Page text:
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  • #347621

    Anonymous

    Bulgars on here have attempted to denigrate Macedonians by asking whether they are Serb or Bulgarian. It’s an illegitimate question. The real question should be are Bulgars Tatars or a mix of Tatars and Slavs?

    #446809

    Anonymous

    Since there are no many haplogroups in Bulgarians which could be described as “Tatar”, no, they are not Tatars. Mostly they’re Thrachian and partly Slavoid, becouse of their R1a-M458. 

    By the way, can someone post Bulgarian DNA project there?

    #446810

    Anonymous

    Tatar is a generic term for many different groups of peoples.

    Kazan Tatars, Mishar Tatars, Kasim Tatars, Siberian Tatars, Astrakhan Tatars, Teptiar Tatars, Kryashens (Christian Tatars), Lipka Tatars (Poland, Lithuania, Belarus), Perm Tatars, Nagaibak Tatars (of Nogai descent?), Chepets Tatars, Crimean Tatars.

    Take a pick.

    #446811

    Anonymous

    @Sviatogor

    Turkic Bulgars didn’t appear in Balkan as horde, mostly probably just ruling class was Turkic, such as Asparuh.
    Others are descedants mostly of Thracians and “Seven Slavic tribes” which was described there.

    #446812

    Anonymous

    There were no Thracians on the Balkans in the 6th century.

    #446814

    Anonymous

    mostly probably just ruling class was Turkic, such as Asparuh.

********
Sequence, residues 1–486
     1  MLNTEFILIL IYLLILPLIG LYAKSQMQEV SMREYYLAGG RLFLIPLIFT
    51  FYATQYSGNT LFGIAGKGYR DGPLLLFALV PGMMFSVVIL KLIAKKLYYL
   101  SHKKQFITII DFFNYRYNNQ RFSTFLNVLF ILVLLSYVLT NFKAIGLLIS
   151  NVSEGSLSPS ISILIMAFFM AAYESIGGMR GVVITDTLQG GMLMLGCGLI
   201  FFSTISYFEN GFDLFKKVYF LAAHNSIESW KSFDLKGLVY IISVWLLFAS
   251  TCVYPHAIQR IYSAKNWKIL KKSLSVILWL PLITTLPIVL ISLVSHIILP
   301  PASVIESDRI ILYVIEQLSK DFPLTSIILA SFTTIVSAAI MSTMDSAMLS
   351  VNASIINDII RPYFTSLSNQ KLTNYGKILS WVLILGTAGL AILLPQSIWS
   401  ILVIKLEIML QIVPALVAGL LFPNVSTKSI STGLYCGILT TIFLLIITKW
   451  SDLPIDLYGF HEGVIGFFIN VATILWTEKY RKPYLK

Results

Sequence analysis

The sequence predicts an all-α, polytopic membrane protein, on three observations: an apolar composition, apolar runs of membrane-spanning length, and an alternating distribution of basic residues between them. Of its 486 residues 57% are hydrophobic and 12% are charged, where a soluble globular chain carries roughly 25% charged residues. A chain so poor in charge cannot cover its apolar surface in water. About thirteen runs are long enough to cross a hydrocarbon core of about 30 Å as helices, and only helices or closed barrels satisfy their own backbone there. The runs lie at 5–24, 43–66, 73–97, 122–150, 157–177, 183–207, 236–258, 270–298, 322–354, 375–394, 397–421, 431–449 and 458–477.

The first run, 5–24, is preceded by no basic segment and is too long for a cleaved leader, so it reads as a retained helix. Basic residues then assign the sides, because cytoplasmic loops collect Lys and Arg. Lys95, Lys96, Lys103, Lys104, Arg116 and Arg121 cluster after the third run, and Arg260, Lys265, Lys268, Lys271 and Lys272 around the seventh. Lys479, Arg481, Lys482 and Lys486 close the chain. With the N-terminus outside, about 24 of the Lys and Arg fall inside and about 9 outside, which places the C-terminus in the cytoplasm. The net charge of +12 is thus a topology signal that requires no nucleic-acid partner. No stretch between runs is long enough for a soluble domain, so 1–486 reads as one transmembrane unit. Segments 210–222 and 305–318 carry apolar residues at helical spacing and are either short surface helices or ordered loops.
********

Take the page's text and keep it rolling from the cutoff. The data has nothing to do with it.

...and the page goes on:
Which would be quite ironic, considering the name is prime example Iranic.

    #446816

    Anonymous

    @”South Slav”

    >Turkic Bulgars didn’t appear in Balkan as horde, mostly probably just ruling class was Turkic, such as Asparuh.
    Others are descedants mostly of Thracians and “Seven Slavic tribes” which was described there.

    Oghur speaking Bulgars split into three groups.  One group went to Danube, the other group went to middle Volga.  Some Bulgars stayed in northern Caucases and Caspian steppes . Modern day Balkars living in northern Caucases derive their ethnonym from Bulgars.  Danube Bulgars switched to Slavic language, while Finno-Ugric people of middle Volga – ancestors of Kazan Tatars and Chuvashes – switched to Oghur. Both Kazan Tatars and Chuvashes genetically relate to neighbouring Volgaic Finnic speaking Mari. Chuvashes also culturally relate to Mari in some ways.

    During Golden Horde rule ancestors of Kazan Tatars and Balkars switched to Kypchak that was lingua franca in Horde at the time. The language that was spoken by nomadic Turkic living in western Kazakhstan. To this day Chuvashes speak Oghur – the language Bulgars spoke. There are numerous flame discussions between Chuvashes and Kazan Tatars fighting over Volga Bulgar heritage, which is funny to read. Today, Kazan Tatars speak Kypchak which can be understood by Kazakhs to some extent. Also many Kazan Tatars are russified unable to speak their native language, especially those living in cities and outside of Tatarstan.

    #446818

    Anonymous

    I’m drinking alcohol again, so I’ma be too smart again. This kind of threads don’t do any good. We Slavs should stick together instead of hating and making fun about one another. Bulgarian bulgarians are Slavic today and that’s important. We should do better and at least try to be one big family, but people like you prevent it. :/